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Adding CDMA increases iPhone addressable market by 16 percent

Now that NYT and WSJ were both tipped off about the coming of a CDMA iPhone, I think it’s a safe bet. Is this significant? What is the CDMA addressable market?

Here is a chart showing  for the “CDMA 3G” subscribers (source: CDMA Development Group.)

(includes CDMA2000 1X, 1xEV-DO Rel. 0 & 1xEV-DO Rev. A )

Here are the data for various subsets.

  • CDMA2000 543 Million includes CDMA2000 1X & 1xEV-DO
  • CDMA2000 1xEV-DO 145 Million includes CDMA2000 1xEV-DO only
  • CDMA 547 Million includes cdmaOne, CDMA2000 1X & 1xEV-DO (includes non-3G)

For comparison, the GSM data for Q2 2009 is:

  • GSM 3,450, Million
  • WCDMA 256 Million
  • WCDMA HSPA 133 Million

It would be safe to assume that the iPhone will be able to address 543 Million additional users.  They represent about 13% of all mobile subscribers but the increase in addressable base is about 16%.

  • J Ives

    Horace, you never fail to deliver awesome data visualization. Very enlightening. You rock!

    I believe this could easilly be CDMA production to server AsiaPAC, namely China.

    With a VZW move to LTE emminent, why launch to much fanfare, only to leave the "switchers" with obsolete devices within a matter months. On the surface, this does not appear a recipie for VZW consumer satisfaction – switching requires one new phone, then soon to be hit up for another – but could serve as a setup for an easy n+1 play, albeit risky, IMO.

    Additionally, CDMA has not yet been updated to support simultaneous voice and data streams, a feature that Apple has consistently touted as core to the iPhone experience. Not to mmention the inherent clash of tyranical leadership styles between Big Red and Apple, both of which are first-rate corporate control freaks.

    While I agree VZW penetration is in Apple's best interest, I am not buying this as happening before Q2 2011. Too many obvious obsticals to overcome. Such "controlled leaks" have been dripping for years.

    • min

      It's not like there is a set hard date for switching to LTE. Those who chose to buy a CDMA iPhone will get the full 2-year's worth of use. It will take VZN that long to fully integrate LTE. I'm not a lawyer, but I bet if VZN says all CDMA phone users must switch to LTE, that is sufficient to end your contract without paying the termination fee.

    • Famousringo

      Simultaneous data and voice is a nice feature, but I don't think it's really crucial. It's worth beating your chest when you can offer it, but not worth ignoring millions of potential customers

    • CCCT

      Moving to LTE is not a switch over like you said, where all those old devices are rendered obsolete overnight. The LTE roll out will be pretty much like the Sprint 4G Wimax roll out, where the devices enabled for it will be able to use extra data speed and most voice channel support will still be going through CDMA2000 air interface. Thus, all of the LTE Verizon phone will need the CDMA2000 air interface, not only for just for fall back but also for roaming needs.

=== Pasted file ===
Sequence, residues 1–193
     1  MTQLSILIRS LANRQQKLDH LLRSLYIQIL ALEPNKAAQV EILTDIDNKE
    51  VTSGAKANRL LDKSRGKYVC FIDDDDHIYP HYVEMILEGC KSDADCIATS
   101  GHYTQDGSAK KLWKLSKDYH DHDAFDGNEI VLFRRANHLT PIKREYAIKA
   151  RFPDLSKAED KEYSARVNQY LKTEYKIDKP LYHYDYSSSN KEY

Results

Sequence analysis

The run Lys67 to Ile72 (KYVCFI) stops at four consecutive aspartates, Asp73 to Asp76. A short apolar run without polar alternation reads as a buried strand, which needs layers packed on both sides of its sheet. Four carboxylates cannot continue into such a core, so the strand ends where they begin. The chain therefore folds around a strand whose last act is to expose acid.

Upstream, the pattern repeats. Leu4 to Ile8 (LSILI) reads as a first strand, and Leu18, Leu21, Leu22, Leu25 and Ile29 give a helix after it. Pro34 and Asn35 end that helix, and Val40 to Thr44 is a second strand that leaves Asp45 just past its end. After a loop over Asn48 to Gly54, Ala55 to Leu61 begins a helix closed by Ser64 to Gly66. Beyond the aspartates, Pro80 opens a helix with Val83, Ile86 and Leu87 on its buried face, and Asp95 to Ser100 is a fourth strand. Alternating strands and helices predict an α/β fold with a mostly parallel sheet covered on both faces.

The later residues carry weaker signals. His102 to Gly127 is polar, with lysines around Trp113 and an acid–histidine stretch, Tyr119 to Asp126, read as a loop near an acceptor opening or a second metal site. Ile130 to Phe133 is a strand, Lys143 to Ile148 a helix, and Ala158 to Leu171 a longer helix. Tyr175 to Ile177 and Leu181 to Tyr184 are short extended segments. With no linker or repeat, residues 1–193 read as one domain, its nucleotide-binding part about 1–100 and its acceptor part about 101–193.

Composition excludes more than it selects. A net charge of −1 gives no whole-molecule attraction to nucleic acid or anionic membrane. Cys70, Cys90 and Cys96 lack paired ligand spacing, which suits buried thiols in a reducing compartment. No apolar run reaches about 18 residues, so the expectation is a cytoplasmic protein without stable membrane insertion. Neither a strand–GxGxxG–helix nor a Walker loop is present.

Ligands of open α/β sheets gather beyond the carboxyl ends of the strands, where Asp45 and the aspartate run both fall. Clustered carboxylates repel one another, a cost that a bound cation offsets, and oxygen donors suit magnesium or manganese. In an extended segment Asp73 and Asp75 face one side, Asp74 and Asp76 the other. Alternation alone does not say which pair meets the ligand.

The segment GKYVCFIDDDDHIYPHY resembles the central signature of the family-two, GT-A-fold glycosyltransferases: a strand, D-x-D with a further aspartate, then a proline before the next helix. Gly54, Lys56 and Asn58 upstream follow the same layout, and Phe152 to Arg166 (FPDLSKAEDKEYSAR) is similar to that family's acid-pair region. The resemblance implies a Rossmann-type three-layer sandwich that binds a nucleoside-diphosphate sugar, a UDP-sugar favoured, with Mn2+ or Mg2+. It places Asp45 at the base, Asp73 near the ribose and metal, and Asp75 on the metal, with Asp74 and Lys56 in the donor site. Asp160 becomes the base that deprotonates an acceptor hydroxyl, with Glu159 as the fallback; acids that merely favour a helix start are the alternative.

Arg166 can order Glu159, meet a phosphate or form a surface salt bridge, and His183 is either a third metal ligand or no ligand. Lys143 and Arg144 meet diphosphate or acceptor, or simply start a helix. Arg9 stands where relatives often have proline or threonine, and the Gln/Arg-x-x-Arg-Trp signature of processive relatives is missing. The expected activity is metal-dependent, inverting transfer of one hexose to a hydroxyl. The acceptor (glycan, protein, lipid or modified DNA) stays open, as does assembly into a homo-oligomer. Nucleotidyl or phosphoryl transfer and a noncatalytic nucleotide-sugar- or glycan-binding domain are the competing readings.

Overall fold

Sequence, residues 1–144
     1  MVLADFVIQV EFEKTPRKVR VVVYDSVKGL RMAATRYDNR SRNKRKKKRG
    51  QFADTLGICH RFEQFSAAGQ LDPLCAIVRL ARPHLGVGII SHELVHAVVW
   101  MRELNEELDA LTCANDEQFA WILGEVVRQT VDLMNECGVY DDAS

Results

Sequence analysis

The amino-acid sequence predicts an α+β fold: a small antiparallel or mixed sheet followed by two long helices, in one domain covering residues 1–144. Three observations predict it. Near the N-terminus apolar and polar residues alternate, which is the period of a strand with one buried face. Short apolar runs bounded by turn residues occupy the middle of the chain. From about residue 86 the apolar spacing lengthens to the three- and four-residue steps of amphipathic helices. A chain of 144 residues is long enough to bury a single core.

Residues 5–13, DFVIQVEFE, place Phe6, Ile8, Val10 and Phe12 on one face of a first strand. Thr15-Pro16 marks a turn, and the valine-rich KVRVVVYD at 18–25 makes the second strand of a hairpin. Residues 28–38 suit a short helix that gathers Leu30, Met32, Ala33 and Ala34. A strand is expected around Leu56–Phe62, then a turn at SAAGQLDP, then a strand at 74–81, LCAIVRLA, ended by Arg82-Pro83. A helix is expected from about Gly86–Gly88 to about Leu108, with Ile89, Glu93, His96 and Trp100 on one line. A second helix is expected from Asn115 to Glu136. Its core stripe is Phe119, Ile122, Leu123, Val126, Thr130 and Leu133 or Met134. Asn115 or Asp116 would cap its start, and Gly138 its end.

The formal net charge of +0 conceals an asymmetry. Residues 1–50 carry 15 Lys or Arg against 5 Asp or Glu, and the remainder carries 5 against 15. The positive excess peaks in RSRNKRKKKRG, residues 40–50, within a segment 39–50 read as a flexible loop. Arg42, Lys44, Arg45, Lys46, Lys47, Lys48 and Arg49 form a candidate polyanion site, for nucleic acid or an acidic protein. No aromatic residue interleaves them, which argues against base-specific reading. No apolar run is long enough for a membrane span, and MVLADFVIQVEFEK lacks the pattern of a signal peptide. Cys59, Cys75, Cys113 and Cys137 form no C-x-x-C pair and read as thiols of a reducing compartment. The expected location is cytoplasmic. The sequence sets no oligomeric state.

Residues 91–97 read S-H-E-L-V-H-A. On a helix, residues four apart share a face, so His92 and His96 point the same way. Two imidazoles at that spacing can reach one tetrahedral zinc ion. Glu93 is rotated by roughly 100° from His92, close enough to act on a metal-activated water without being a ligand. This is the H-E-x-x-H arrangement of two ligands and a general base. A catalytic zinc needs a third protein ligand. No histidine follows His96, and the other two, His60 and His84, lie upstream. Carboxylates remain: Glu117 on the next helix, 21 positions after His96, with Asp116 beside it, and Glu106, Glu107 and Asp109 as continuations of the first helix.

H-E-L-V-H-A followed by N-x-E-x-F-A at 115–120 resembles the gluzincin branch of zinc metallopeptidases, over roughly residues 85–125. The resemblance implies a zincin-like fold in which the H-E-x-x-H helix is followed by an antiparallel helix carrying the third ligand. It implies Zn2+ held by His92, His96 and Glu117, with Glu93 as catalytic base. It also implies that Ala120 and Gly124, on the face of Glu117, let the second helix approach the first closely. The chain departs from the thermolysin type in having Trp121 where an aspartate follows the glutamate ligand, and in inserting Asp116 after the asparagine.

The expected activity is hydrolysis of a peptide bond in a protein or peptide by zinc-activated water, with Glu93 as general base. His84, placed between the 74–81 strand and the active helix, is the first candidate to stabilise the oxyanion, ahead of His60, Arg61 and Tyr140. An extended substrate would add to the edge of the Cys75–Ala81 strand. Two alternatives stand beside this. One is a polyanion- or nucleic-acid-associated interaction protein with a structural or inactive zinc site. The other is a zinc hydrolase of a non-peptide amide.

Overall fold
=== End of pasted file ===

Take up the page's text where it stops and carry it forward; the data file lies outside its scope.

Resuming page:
• Tom

    If a carrier, like ATT and vzn, are running an LTE network, does that network support 3G and EDGE phones as well?
    If VZN is running LTE, would a CDMA 3G iPhone run on it?
    Has the lack of multitasking of voice and data been addressed yet in LTE/CDMA?

    • Marc in Chicago

      Q1: All carriers plan to support their 3G networks (whether CDMA or GSM) while making the multi-year transition to 4G (whether LTE or WiMax). It's more complicated than flipping a switch. Technically speaking, each carrier will have two or more networks during this time. They do this so that customers will have service where 4G coverage isn't present.

      Q2: A phone has to be specially built to support both 3G and 4G; it may even need two radios—one for each transmission method. It gets even more complicated when you consider that networks are run on many varying frequencies (which also may require different antennas or radios) in different areas of the world. LTE is not backwards-compatible with CDMA. (Does anyone know if LTE is backwards-compatible with GSM?)

      Q3: There is work being done to enable simultaneous voice and data on existing CDMA networks, but I don't know where progress is at.

  • Priit

    That's ridiculous. So you have a popular product which demand is way bigger than supply. What do you do about that? Right, you do nothing, because this is a good problem to have. You introduce a variant of that product. Now you have 2 separate products each demand is way bigger than supply. Now you have 2 good problems. Life is beautiful.

  • Ted_T

    LTE is supposedly backwards-compatible with GSM, not with CDMA.

    @J Ives — you arguments are sound, but considering the wriggle free NY Times confirmation of the Verizon story, I'm a firm believer this time — I can't believe both the WSJ & the TImes could be so off base on the story.

    So far as supply/demand — Apple has always managed to catch up for the holiday quarter in past — hopefully they will this time as well. They have had months warning that the iPhone 4 is a monster hit at this point — one would think production ramp up would be happening in earnest.